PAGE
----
Sales volumes at UK supermarkets rise for first time in nearly 18 months, Nielsen reports


The volume of items purchased from the UK’s leading supermarkets increased year-on-year for the first time since mid-July 2013, according to the latest data from global information and insights company Nielsen.

Sales volume increased +0.6% during the four weeks ending 3 January 2015 versus the same period a year ago – the first four-week year-on-year increase in volume since 20 July 2013.

“Much has been made of people spending less in supermarkets but little attention is paid to how much they’re buying,” said Mike Watkins, Nielsen’s UK head of retailer and business insight. “The fact they’re starting to buy more – driven by confectionery, snacks, drinks, fruit and veg, and delicatessen – is a bright start to 2015 for the major supermarkets.”

“The relative improvement in the fortunes of the major supermarkets in December was helped by shoppers visiting in the few days before Christmas Day which tempered some of the momentum of the discounters.”

Sales value during the four week period was flat versus the same period a year ago.

Watkins said: “A combination of retailer price cuts and other deflationary factors, such as weaker commodity prices and falling oil prices, meant further savings for shoppers in December, and falling sales growths for the retailers, particularly in grocery (-2%), meat/fish/poultry (-2%) and fruit & veg (-4%).”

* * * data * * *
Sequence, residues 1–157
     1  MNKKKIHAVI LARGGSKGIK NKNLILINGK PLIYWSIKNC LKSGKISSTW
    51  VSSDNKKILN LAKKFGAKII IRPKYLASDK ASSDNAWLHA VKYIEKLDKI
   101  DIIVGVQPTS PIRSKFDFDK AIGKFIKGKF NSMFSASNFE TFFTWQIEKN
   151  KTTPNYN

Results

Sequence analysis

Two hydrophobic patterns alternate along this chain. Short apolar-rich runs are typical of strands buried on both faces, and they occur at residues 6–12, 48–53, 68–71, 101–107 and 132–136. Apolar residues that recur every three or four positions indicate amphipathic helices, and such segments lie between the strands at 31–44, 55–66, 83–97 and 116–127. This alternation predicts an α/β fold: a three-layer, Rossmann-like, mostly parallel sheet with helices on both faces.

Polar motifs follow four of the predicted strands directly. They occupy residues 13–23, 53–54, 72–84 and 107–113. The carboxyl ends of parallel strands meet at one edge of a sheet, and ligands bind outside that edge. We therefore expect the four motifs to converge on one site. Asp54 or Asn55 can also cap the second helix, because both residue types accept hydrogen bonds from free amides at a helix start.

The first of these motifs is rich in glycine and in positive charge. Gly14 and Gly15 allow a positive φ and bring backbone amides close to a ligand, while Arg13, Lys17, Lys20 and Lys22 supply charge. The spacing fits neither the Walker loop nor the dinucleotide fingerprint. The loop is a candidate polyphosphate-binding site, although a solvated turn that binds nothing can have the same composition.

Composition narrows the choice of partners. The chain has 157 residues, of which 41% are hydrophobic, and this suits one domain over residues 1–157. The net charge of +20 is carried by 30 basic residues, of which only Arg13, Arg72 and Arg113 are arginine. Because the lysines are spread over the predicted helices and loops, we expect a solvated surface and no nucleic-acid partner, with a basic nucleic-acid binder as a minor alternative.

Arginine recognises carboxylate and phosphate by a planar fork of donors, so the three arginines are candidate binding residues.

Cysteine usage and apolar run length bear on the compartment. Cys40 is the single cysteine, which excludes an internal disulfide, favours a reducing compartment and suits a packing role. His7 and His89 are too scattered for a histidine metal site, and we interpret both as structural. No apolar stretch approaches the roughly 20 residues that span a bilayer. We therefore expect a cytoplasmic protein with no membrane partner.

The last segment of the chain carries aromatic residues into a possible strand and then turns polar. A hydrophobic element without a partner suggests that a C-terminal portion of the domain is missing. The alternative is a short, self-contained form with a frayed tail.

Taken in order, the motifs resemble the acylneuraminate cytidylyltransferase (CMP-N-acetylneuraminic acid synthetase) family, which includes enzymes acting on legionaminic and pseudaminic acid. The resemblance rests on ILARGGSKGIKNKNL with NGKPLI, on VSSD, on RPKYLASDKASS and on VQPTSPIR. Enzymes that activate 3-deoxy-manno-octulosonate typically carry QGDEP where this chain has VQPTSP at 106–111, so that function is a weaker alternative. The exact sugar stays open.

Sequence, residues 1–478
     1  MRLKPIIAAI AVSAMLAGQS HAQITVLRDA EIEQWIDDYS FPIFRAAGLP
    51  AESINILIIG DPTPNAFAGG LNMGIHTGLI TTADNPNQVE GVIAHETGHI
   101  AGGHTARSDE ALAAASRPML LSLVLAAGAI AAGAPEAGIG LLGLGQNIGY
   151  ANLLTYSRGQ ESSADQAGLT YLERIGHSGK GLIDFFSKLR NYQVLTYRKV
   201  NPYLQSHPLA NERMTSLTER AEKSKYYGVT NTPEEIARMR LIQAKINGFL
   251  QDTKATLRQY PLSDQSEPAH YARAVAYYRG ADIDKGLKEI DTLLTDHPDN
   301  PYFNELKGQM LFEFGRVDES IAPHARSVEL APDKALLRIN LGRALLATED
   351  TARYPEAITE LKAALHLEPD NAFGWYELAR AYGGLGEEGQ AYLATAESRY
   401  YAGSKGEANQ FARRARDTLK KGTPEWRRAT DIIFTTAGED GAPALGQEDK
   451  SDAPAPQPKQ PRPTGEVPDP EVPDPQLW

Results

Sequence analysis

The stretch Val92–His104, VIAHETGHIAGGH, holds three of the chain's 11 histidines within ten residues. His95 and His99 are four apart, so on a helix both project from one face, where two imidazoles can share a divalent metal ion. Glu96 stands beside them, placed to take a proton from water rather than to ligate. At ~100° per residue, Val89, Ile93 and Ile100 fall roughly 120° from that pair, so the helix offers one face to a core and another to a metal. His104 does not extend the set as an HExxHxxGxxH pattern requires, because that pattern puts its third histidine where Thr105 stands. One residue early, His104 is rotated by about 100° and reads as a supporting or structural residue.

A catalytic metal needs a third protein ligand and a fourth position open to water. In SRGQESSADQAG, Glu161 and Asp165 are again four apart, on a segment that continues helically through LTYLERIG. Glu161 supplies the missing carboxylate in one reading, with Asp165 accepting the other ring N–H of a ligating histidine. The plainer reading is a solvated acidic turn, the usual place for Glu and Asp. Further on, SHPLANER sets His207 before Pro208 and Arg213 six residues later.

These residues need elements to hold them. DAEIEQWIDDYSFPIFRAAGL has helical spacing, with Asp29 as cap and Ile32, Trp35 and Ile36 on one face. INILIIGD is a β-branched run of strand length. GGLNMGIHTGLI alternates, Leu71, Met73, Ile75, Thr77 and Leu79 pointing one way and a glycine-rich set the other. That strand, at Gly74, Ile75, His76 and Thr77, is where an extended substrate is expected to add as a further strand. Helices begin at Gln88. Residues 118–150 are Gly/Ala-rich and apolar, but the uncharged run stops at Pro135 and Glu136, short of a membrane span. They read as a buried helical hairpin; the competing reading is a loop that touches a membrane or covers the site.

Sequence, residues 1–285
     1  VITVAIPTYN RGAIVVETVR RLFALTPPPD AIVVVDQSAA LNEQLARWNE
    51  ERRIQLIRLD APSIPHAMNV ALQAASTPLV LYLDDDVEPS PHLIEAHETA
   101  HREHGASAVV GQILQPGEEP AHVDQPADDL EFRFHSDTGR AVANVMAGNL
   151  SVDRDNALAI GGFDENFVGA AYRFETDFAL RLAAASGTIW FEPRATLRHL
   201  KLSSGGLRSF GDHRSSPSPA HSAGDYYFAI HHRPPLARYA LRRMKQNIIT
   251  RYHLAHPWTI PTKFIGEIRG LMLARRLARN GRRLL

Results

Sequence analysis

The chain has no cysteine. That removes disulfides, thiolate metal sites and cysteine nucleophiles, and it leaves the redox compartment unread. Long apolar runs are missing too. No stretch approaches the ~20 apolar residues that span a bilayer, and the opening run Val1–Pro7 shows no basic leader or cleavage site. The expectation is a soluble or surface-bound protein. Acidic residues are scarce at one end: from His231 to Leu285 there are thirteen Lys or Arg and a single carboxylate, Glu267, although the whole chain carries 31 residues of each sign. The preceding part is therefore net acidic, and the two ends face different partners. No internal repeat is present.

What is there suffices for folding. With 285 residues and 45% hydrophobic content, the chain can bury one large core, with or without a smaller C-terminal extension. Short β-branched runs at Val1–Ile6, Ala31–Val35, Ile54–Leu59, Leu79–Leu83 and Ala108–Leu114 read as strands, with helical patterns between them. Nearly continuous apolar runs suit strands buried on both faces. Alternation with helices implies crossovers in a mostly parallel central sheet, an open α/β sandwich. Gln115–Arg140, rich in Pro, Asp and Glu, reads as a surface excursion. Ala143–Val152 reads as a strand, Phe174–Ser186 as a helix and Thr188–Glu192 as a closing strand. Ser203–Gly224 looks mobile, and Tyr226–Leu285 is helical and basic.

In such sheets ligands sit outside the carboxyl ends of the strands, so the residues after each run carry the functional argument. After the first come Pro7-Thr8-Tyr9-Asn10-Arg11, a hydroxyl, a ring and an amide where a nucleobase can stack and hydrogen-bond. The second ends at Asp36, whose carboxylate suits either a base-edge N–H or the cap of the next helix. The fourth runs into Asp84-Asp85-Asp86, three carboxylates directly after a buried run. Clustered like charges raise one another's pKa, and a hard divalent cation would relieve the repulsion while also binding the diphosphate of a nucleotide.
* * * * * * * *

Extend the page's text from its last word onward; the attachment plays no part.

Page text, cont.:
Morrisons had best Christmas of big four

Morrisons was the only one of the big four to experience higher sales (+0.4%) over the four week period compared to the year before. Asda experienced the biggest decline of the four (-2.4%).

Over the 12-week period ending 3 January 2015, Waitrose (+7.7%) and Marks & Spencer (+1.3%) were the only supermarkets alongside the discounters (Aldi, +20.2%; Lidl, +13.9%) to see a year-on-year increase in sales.

Tesco biggest spender on TV and press advertising

In the four weeks ending 3 January 2015, the leading supermarkets spent 13% more on TV and press advertising (£49.7m) than the same period a year ago. Tesco spent the most in the period: £8.4mnm, 29% more than last year. Following Tesco were Asda (£7.4m) and Aldi (£7.0m). Lidl increased spend the most – up 59% to £5.0mnm.

“Advertising continued to be dominated by messages around price comparisons, indicating how high the stakes had become in the Christmas price war,” said Watkins. “Alongside this, promotional spend on offers also remained high at 34% of sales, with most of the top four supermarkets close to 37%, which encouraged shoppers to spend on seasonal food and drink.”

Looking ahead Watkins said: “Despite the continued impact of deflation, we anticipate a return to positive (+1%) sales value growth in 2015 and volumes continuing to slowly improve throughout the year. However, there will be no let up to the intense competition between the supermarkets and the discounters.”

Share of sales by supermarket